The region of Aachen is located in a triangle on the German, Dutch and Belgian borders and is heavily exposed to drug traffic, due to the differences in national drug policies.
The analysis of toxicological casework in the Institute of Forensic Medicine in Aachen was undertaken for the period 1987-1993, i.e. 6 years before and 1 year after the partial suspension of the border control due to the Maastricht Treaty ; 2653 cases were registered, among them 988 automobile drivers.
The profile of the casework has changed after the opening of the border : up to 1992 most cases were obtained from the customs.
In 1993 the prevalence of police samples was noticed.
In the population of drivers, blood samples were only taken in 30% of all the cases.
In other cases, concerning mainly motorized drug smugglers, only urine samples or seized drugs have been sent for examination.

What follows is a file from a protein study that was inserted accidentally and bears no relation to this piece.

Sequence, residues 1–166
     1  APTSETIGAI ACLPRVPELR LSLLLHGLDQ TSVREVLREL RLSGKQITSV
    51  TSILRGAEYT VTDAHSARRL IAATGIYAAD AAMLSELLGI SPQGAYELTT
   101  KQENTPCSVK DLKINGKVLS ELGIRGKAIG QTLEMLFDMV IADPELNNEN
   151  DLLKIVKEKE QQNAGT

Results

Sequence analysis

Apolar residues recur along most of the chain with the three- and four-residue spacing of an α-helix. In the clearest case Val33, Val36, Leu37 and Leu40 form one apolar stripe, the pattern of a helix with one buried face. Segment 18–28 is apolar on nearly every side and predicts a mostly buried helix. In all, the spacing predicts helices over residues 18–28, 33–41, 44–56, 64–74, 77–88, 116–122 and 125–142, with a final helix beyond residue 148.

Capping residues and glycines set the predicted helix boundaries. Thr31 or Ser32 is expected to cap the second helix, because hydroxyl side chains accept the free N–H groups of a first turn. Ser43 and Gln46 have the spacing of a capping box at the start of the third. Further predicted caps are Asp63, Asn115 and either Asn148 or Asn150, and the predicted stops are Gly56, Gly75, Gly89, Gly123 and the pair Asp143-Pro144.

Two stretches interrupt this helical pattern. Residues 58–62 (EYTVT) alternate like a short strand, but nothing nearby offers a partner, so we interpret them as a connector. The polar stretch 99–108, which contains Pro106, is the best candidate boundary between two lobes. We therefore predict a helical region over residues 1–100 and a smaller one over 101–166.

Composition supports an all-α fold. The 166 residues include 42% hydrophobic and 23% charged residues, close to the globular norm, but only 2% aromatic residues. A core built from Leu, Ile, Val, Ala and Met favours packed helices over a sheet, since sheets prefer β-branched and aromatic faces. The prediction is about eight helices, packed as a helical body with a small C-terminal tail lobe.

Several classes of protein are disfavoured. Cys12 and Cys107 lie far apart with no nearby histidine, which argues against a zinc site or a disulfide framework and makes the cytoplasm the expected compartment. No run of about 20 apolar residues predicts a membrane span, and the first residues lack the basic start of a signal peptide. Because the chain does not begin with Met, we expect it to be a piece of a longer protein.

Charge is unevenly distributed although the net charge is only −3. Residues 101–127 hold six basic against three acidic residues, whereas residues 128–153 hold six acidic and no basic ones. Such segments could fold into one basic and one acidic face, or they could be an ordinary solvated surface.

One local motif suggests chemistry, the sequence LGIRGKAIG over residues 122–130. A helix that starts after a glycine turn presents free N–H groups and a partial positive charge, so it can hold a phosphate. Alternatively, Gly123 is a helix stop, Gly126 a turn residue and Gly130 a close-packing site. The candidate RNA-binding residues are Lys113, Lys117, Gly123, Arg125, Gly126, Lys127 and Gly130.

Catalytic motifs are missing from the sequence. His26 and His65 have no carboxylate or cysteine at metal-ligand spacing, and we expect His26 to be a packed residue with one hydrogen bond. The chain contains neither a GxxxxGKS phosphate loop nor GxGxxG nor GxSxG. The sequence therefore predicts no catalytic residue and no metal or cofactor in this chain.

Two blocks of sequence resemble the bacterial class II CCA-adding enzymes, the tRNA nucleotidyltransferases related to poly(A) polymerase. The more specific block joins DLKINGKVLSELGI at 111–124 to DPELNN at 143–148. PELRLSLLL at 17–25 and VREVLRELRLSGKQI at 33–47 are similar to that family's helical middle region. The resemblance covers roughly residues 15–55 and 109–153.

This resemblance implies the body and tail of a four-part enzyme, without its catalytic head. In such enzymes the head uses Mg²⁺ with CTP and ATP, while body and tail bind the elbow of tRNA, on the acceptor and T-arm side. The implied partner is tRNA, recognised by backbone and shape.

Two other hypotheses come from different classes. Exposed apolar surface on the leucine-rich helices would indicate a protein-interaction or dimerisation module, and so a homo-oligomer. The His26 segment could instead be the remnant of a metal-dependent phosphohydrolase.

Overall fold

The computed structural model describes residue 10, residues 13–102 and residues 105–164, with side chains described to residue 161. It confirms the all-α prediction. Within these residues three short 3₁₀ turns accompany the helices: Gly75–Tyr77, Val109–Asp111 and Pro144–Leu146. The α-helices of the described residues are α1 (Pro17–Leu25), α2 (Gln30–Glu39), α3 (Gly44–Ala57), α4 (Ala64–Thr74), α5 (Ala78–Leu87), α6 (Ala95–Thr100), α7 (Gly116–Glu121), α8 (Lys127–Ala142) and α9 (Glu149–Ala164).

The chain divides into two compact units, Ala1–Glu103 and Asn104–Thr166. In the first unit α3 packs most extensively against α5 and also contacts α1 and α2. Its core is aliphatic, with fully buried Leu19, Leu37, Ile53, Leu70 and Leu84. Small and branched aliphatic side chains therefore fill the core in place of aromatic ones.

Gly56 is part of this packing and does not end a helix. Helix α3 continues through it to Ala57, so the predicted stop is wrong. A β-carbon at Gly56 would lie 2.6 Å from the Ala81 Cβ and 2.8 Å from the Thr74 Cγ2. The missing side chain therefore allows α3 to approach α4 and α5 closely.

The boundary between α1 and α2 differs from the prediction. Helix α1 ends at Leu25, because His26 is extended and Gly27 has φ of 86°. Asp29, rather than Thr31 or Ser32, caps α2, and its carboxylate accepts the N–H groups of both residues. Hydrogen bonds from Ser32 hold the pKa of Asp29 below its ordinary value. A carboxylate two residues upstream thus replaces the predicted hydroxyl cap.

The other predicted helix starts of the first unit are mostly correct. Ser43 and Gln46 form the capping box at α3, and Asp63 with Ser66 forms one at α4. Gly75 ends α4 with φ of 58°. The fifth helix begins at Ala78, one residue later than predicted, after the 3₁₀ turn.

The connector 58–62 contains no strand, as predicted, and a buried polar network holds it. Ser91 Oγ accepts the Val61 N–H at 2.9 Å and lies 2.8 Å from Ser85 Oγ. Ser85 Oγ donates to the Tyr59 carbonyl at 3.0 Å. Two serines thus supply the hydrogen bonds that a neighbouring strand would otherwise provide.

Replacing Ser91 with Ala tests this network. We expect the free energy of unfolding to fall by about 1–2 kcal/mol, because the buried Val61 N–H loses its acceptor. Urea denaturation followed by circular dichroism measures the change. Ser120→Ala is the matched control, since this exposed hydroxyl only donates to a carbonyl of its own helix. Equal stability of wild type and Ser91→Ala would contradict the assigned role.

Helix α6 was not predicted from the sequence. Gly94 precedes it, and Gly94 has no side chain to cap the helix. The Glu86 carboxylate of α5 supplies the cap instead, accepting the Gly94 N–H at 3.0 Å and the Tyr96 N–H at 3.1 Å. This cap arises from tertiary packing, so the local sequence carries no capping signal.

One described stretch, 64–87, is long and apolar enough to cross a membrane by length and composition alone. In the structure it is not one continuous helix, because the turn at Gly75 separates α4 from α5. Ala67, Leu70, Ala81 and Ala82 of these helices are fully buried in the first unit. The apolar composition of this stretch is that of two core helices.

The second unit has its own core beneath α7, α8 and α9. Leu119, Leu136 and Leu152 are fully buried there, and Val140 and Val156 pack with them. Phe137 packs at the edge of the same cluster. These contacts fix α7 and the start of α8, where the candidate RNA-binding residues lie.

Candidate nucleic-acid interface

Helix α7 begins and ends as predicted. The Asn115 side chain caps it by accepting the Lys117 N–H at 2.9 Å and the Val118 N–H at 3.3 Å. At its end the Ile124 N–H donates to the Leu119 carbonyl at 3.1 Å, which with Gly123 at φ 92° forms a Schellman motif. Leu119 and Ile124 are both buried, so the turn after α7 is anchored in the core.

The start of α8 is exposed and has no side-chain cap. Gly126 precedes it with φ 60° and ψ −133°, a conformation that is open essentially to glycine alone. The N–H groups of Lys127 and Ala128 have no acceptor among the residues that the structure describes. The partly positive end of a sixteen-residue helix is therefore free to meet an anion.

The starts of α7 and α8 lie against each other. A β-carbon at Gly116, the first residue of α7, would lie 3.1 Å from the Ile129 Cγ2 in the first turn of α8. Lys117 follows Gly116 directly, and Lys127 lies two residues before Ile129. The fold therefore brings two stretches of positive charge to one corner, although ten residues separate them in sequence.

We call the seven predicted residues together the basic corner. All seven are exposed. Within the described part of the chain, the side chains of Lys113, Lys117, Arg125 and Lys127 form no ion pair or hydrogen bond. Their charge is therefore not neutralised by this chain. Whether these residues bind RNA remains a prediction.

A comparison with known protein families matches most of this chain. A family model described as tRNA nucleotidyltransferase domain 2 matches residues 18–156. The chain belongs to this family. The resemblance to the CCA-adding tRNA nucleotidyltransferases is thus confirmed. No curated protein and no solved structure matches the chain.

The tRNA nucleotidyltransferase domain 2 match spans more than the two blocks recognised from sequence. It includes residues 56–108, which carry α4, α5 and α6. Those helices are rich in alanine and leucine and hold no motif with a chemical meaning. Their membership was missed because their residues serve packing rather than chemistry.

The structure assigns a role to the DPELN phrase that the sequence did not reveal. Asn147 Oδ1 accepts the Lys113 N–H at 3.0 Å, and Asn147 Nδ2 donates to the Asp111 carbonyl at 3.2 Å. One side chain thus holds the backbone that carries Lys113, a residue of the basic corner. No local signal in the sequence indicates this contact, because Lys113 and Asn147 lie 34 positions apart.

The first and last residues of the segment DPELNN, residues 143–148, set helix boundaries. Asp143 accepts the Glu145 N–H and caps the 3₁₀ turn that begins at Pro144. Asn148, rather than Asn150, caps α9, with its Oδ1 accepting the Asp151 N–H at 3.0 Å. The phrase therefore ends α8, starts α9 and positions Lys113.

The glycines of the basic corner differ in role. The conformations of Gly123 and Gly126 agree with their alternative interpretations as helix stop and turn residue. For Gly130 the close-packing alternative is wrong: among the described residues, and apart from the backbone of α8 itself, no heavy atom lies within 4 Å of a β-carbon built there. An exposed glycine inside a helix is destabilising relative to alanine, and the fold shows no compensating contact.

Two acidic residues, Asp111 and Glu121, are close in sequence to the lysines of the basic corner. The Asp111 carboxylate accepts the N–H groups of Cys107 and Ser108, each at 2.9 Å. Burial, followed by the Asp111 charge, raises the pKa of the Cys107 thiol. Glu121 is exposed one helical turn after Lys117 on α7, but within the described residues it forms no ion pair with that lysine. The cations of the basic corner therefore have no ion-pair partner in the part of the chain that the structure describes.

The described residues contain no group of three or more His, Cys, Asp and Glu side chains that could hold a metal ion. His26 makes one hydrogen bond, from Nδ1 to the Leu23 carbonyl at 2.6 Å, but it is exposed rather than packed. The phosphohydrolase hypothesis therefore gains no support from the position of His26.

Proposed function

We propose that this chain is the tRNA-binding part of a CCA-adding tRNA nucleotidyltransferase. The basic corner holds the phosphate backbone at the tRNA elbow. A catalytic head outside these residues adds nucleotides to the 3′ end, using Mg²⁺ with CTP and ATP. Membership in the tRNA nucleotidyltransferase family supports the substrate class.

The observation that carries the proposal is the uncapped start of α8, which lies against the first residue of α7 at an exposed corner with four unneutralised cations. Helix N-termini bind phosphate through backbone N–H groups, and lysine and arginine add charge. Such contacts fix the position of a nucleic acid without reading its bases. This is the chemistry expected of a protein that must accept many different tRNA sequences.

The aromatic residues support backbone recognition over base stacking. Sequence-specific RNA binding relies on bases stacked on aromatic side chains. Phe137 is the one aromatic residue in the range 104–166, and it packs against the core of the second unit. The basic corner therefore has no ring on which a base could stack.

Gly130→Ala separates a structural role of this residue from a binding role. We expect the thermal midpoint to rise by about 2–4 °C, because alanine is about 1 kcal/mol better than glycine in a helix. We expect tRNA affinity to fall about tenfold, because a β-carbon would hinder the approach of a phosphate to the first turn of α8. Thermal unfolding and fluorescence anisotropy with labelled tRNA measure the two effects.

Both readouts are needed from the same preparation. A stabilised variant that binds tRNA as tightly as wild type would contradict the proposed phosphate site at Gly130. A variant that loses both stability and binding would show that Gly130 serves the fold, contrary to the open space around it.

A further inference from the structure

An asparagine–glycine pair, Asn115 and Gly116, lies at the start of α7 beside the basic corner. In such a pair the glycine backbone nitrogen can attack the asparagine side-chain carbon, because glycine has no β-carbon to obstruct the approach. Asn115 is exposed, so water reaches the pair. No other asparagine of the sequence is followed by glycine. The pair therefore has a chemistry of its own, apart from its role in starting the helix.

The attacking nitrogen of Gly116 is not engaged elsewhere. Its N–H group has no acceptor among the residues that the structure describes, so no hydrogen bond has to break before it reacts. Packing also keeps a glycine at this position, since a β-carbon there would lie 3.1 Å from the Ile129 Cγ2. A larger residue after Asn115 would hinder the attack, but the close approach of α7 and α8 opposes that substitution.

The urine samples in this group were mostly drug-positive.
Drug-smuggling drivers appeared to be a risk-generating group for road traffic safety.
The analyses of blood and urine samples revealed multiple drug use in most of the cases.
Since 1992, a steep increase in the frequency of cocaine-positive blood samples among drivers was noticed.
The results of the study indicate that the abolition of the border control affected the road traffic safety in the region of Aachen.
Mots-clés Pascal : Toxicomanie, Trafic illicite, Substance toxicomanogène, Analyse quantitative, Sang, Urine, Liquide biologique, Homme, Conducteur véhicule, Douane, Allemagne, Europe, Médecine légale
Mots-clés Pascal anglais : Drug addiction, Illicit traffic, Drug of abuse, Quantitative analysis, Blood, Urine, Biological fluid, Human, Vehicle driver, Customs duty, Germany, Europe, Legal medicine
Notice produite par :
Inist-CNRS - Institut de l'Information Scientifique et Technique
Cote : 95-0132157
Code Inist : 002B03D. Création : 09/06/1995.